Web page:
Friday, December 1, 2023

Social Justice ‘Warriors’ Coach Kerr Can’t Bring Himself to Criticize China

‘None of us are perfect and we all have different issues that we have to get to…’

(Ben Sellers, Liberty Headlines) San Francisco‘s Golden State Warriors have dominated the NBA due to Steph Curry’s point-scoring prowess, but head coach Steve Kerr proved with his massive deflection on the league’s China controversy that the strongest offense may be an aggressive defense.

“Part of having free speech is also electing not to speak,” Kerr said at a press conference Thursday, claiming he lacked the knowledge to address global matters like the human rights abuses in China’s suppression of Hong Kong protestors.

“I hope that you appreciate my right to not, uh, answer that question, because all it does is create a headline and a soundbyte, and I choose not to be a soundbyte,” he continued. “Probably too late for that anyway. I choose not to be that soundbyte.”

The NBA became embroiled in the controversy after Houston Rockets general manager Daryl Morey tweeted in support of the Hong Kong protestors’ struggle against their communist occupiers.

The former British colony, which was handed over to the Chinese in 1997 after more than 150 years of Western rule, is seeking greater autonomy over its legal and political affairs, but the long-simmering protests have cascaded amid China’s violent attempts to silence dissenters.

As the NBA’s market in China continues to grow, the league faced immediate backlash over the pro-Hong Kong message. Morey was compelled to delete his tweet, and the Rockets’ star player, James Harden, was dispatched to do damage control with an apology on Monday.

“We love China. We love playing there,” Harden said. “I know for both of us individually, we go there once or twice a year. They show us the most support and love. So we appreciate them as a fan base and we love everything they’re about and we appreciate the support that they give us individually and as an organization.”

Nonetheless, former Rockets star Yao Ming, head of the Chinese Basketball Association, announced that he was suspending ties with the popular franchise, and NBA Commissioner Adam Silver treaded lightly on the matter to avoid further economic fallout.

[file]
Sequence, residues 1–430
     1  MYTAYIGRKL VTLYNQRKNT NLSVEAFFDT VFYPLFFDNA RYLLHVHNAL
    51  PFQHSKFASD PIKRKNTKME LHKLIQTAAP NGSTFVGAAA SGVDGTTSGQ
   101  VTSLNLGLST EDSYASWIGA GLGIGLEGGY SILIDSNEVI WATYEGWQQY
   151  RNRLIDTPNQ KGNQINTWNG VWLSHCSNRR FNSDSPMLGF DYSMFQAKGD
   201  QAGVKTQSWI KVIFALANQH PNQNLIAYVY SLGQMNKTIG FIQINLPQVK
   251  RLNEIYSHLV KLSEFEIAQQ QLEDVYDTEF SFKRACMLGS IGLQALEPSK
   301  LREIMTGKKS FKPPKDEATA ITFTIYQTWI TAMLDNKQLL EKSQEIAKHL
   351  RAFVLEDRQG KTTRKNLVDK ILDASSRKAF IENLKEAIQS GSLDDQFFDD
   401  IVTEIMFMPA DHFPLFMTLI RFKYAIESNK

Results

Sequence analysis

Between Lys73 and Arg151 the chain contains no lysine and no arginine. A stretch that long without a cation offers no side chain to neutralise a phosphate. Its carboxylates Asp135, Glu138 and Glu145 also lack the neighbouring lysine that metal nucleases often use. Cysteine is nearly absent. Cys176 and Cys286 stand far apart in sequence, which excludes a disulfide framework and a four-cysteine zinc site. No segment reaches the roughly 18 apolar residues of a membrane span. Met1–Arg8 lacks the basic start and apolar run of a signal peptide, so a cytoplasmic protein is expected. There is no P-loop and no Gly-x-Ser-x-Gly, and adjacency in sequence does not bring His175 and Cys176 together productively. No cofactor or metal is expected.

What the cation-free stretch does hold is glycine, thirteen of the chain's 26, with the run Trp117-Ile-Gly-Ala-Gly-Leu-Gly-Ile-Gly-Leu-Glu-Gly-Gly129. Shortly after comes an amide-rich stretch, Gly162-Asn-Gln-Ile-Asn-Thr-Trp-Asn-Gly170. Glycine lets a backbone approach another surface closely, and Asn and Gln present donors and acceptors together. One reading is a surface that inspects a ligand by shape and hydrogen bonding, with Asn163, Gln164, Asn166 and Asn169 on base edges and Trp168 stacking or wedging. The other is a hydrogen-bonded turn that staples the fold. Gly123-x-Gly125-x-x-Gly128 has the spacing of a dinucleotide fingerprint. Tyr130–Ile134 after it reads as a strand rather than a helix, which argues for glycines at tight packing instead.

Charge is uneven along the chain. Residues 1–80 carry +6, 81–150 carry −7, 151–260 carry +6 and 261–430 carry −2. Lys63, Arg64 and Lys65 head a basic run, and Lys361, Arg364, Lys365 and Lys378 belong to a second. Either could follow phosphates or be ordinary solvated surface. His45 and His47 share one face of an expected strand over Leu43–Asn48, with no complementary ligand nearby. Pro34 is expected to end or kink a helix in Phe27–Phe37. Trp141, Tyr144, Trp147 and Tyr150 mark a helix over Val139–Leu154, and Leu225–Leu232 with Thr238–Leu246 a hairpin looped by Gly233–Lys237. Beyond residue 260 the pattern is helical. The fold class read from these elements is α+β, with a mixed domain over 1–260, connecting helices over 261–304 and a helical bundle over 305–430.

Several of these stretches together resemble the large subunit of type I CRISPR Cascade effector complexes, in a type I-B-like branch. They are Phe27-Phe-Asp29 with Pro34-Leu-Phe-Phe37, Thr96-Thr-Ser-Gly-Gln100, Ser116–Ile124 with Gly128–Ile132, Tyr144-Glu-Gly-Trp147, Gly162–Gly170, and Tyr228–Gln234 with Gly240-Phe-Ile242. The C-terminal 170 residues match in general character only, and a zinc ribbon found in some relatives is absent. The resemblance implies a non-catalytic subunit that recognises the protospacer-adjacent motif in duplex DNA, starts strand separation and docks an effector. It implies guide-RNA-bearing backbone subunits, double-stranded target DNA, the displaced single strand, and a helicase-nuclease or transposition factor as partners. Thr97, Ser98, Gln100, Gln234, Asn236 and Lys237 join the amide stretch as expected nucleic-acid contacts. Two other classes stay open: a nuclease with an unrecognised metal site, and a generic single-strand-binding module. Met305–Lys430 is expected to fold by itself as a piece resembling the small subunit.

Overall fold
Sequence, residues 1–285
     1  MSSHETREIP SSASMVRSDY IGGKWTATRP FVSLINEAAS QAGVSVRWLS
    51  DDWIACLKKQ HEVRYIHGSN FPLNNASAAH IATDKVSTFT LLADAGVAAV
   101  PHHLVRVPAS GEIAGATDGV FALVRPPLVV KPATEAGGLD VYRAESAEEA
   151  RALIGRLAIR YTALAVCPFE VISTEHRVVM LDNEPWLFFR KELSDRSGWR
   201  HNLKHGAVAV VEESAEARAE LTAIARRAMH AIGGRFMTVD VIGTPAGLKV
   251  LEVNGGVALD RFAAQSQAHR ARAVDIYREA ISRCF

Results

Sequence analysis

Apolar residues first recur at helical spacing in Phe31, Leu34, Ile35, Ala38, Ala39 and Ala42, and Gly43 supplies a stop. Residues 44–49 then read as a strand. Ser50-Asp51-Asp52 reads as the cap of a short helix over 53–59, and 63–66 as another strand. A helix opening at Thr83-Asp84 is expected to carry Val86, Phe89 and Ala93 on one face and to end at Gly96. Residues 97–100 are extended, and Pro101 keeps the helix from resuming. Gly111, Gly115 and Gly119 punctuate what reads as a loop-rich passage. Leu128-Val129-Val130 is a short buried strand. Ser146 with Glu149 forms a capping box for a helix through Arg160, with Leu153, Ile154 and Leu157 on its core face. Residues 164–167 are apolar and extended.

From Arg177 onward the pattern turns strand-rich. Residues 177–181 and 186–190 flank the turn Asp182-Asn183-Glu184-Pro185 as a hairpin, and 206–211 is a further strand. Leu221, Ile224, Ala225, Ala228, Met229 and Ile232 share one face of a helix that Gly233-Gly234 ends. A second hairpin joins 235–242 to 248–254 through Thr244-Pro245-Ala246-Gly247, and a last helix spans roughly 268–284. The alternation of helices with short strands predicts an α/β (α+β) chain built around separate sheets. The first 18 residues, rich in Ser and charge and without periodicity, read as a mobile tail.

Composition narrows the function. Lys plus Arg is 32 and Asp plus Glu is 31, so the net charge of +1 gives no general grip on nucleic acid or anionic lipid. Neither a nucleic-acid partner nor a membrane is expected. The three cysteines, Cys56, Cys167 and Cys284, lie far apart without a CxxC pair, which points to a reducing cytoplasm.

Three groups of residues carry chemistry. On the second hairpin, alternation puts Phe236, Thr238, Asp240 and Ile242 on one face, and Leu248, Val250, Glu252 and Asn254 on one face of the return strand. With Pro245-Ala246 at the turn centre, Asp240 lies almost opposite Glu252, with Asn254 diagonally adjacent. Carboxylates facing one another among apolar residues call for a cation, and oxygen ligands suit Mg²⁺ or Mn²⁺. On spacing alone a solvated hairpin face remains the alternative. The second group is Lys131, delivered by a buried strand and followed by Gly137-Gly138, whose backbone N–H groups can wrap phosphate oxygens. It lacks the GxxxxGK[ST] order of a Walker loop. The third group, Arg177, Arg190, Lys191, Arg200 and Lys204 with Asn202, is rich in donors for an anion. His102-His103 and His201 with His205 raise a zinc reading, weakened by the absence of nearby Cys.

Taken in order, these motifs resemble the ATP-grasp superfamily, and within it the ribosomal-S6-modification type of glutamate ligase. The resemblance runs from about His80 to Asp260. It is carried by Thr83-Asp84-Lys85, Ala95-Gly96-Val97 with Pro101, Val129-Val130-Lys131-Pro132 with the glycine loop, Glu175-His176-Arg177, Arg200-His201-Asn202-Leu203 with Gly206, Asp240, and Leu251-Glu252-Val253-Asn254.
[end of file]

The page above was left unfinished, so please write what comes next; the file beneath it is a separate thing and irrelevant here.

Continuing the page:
Other NBA figures, like Kerr, have been uncharacteristically mute over China, despite their zeal to condemn U.S. policies with loaded language, often painting them as human-rights atrocities.

The Warriors’ preachy play-caller hasn’t shied away from espousing views on hot-button political issues like Black Lives Matter and extreme gun control.

Kerr’s father, Malcolm, a prominent Middle Eastern scholar in Beirut, was murdered by Islamic jihadists in 1984 during the Lebanese Civil War.

“I know what it feels like to have a family member ended by a bullet,” Kerr said at Thursday’s press conference.

But when pressed on the discrepancies between the NBA’s business interests and China’s human-rights record, he quickly pivoted back into safer territory.

“It has not come up in terms of people asking me about it, people discussing it—no,” he said. “Nor has our record of human rights abuses come up either—you know, things that our country needs to look at and resolve. That hasn’t come up either, so none of us are perfect and we all have different issues that we have to get to.”

After seamlessly executing his China evasion and deflection to U.S. criticism, Kerr went for broke with a cross-court buzzer-beater, insisting that even though he had the inalienable right to use his position to spout his anti-U.S. opinions, coaches on the international stage were better off sticking to sports.

“Saying that is my right as an American—doesn’t mean that I hate my country—it means I want to address things, right?” Kerr said.

“But people in China didn’t ask me about uh, you know, people owning AR-15s and mowing each other down in a mall,” he added. “I wasn’t asked that question.”

Firearms are strictly regulated by the Chinese government, and penalties for private gun-ownership violations can result in seven years’ imprisonment.

Video earlier this month of Chinese police opening fire on an 18-year-old student protestor at close range added fuel to the recent outrage in Hong Kong. Chinese officials claimed it was self defense.

Kerr suggested that expecting him to understand all the nuances of the Chinese government’s response and other complicated global issues was simply beyond his pay grade.

“We can play this game all we want and go all over the map and, you know, there’s this issue and that issue,” he said. “You know, the world is a complex place, and there’s more gray than black and white.”

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